High-power pulses with duration shorter than the tissue thermal relaxation time are indicated to avoid thermal denaturation of organic components of the tissue adjacent to irradiated surfaces [14,15]. Longer pulse durations are thought to be responsible for inducing thermomechanical stress and damage to tissue, since thermal energy accumulates and penetrates deeply [16]. Studies on the influence of shorter pulse durations in the ablation process have indicated that not only the energy for the ablation threshold decreases [17], but improvement of the ablation process is also observed due to a complex, non-thermal ablation process that causes the rapid ionization of irradiated tissue. It has been observed that, in this case, reduced residual thermal damage is induced because of the minimization of heat diffusion [16,18].

There are few studies in the literature that assess the use of USPL for the ablation of dental hard tissues. The variety of laser parameters tested lead to different and contradicting outcomes as regards the presence of tissue carbonization, damage to surrounding tissues, and selective laser interaction [11,19–22]. There is still much to be elucidated for this technology to become a clinical reality, starting with the establishment of adequate laser parameters for ablation of dental hard tissues. Based on the above, it has become important to assess the suitability of USPL in Dentistry by evaluating fundamental aspects of laser interaction with dental substrates, such as temperature increase and capacity for cavity preparation.

Materials and methods

With the intention of establishing adequate parameters for cavity preparation in dental hard tissues, the experiments were divided into two phases. In phase 1, different wavelengths and irradiation parameters were evaluated, so that the best results regarding low temperature increase and efficient interaction with dental substrates could be identified. The parameters that showed more suitable results for clinical application were selected and further evaluated to verify the correlation between ablation efficiency and temperature increase. An additional experiment was also conducted to determine the most suitable cooling method for use during irradiation.

Phase 1—Screening

Twenty-five freshly extracted human third molars were sectioned perpendicularly to their long axis, using a diamond bandsaw (E 300, EXAKT GmbH, Norderstedt, Germany), so that the occlusal portion was discarded and slices of approximately 2 mm thickness were obtained. The slices were polished with SiC #800 grinding paper (Struers A/S, Ballerup, Denmark), utilizing a grinding system (CS401, EXAKT GmbH) with water irrigation, until a thickness of 1 mm was achieved. The slices consisted of a round inner portion of dentin surrounded by an external enamel layer of at least 1 mm width. They were kept in distilled water throughout the experiment. For this study, there was no fixed number of samples per group, and cavities were prepared in the samples on demand.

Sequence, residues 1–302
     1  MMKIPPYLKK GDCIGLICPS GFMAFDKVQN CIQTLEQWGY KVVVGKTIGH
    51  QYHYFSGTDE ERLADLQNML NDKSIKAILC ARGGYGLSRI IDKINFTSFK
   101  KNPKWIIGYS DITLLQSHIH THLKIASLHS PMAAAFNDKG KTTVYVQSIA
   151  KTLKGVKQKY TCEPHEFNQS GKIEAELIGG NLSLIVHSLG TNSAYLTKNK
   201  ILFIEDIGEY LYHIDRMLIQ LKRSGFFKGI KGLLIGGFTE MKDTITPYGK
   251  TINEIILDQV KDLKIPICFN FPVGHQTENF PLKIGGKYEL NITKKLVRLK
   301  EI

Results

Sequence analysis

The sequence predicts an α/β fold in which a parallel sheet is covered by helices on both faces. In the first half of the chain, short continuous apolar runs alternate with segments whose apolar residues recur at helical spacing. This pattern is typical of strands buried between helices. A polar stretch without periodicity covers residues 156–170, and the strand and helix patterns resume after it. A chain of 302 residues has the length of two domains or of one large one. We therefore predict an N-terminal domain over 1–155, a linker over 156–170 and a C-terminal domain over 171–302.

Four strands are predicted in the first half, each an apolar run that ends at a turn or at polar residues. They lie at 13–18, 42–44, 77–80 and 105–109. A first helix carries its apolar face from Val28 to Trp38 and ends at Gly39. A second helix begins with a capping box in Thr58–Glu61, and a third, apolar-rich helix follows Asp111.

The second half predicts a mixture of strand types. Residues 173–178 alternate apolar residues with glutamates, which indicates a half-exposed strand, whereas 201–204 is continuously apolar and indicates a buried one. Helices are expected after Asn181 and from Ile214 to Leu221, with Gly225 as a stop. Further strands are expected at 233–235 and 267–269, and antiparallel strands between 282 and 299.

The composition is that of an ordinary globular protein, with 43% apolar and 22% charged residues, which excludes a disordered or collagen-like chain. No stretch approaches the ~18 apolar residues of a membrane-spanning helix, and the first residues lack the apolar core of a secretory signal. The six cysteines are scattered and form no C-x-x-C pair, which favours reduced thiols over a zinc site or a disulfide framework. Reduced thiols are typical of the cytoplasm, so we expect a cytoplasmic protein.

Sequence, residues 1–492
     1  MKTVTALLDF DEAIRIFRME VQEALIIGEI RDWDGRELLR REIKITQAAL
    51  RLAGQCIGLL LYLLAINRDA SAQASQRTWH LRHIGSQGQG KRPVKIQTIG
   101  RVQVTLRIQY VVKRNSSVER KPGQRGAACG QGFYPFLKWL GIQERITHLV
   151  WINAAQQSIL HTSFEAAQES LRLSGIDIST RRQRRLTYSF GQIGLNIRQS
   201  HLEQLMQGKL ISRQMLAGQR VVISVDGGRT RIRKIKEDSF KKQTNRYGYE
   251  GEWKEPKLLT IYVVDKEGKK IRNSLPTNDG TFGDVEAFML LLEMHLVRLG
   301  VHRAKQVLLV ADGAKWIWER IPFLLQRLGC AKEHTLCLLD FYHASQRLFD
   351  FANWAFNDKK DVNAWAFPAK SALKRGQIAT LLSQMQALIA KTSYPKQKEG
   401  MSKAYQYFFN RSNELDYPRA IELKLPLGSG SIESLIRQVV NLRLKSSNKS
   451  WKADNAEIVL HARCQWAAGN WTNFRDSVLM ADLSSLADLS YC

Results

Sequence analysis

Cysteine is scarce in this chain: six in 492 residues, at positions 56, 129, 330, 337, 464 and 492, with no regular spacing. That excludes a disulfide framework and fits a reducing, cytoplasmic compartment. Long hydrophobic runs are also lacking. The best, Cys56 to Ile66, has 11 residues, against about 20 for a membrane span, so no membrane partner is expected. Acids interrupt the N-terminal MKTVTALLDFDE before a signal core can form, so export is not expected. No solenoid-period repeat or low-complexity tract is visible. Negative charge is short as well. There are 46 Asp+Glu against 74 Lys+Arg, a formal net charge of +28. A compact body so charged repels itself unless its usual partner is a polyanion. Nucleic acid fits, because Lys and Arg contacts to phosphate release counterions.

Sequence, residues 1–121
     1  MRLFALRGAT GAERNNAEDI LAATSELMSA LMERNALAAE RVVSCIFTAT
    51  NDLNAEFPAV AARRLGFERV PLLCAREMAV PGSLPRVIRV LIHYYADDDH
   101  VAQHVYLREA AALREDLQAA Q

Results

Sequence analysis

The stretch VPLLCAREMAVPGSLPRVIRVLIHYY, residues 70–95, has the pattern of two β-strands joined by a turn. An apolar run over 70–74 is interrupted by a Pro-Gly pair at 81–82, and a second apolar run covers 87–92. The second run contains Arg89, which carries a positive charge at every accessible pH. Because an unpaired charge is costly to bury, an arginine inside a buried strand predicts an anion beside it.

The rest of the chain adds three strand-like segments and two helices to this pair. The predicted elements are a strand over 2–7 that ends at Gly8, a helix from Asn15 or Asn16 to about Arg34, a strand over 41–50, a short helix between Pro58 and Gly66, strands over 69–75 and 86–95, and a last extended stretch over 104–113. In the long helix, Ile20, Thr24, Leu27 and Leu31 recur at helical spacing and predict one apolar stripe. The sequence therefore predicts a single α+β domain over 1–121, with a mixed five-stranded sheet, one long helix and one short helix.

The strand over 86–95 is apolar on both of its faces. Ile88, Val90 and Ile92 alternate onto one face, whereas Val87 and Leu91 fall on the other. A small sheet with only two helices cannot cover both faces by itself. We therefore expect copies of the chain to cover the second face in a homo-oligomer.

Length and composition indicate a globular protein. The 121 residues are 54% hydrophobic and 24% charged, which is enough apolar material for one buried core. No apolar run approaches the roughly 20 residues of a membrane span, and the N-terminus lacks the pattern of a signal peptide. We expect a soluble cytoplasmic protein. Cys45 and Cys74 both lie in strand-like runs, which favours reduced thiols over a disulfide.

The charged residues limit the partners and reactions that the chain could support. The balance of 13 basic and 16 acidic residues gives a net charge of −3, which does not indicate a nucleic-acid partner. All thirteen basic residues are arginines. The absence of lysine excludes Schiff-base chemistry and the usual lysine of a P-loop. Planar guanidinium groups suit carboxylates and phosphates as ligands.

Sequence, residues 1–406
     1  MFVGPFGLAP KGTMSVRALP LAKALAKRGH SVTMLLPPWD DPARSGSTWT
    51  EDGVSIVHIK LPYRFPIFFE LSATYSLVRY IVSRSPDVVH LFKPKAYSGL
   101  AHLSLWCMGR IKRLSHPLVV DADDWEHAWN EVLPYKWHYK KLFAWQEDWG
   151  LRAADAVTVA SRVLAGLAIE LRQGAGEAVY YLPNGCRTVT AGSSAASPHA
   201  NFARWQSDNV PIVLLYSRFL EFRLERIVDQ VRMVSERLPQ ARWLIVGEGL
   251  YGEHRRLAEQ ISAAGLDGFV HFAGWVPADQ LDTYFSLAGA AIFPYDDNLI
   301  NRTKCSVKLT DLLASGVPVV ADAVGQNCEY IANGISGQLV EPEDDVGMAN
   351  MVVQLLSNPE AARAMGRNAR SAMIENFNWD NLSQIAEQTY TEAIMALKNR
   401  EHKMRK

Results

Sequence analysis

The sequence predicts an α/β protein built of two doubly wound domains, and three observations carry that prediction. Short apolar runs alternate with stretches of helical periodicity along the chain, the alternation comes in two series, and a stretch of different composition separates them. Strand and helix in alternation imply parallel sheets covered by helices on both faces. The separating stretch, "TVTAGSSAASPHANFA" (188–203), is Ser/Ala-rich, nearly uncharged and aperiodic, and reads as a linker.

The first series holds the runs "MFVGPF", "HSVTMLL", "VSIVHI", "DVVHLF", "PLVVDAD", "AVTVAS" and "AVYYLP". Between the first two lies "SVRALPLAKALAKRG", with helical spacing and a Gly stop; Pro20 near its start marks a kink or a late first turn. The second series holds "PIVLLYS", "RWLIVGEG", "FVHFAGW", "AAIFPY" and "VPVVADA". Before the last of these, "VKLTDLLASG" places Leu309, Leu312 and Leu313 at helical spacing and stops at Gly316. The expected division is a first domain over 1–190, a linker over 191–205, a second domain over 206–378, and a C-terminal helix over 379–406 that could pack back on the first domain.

Dental ablation with the picosecond laser at 1,064 nm

The effect of USPL was initially observed by irradiating enamel and dentin with a high-power Nd:YVO4 (neodymium:vanadate) laser in the picosecond (ps) regime at 1,064 nm wavelength (Super Rapid, Lumera Laser GmbH, Kaiserslautern, Germany). The laser source delivered an average power of up to 18 W at a pulse repetition rate of up to 2 MHz. The pulse duration was approximately 10 ps. Beam deflection was performed by a two-axis galvanometer scanner (hurrySCAN14, Scanlab, Puchheim, Germany) at a scanning speed of up to 2,000 mm/s. A motorized z-stage (Kugler Microstep, Kugler GmbH, Salem, Germany) was used to position the samples in focus. The beam was focused by means of an f = 120 mm scan lens (Sill Optics, Wendelstein, Germany), and the resulting focal diameter was 22 μm.

Dental ablation with the picosecond laser at 532 nm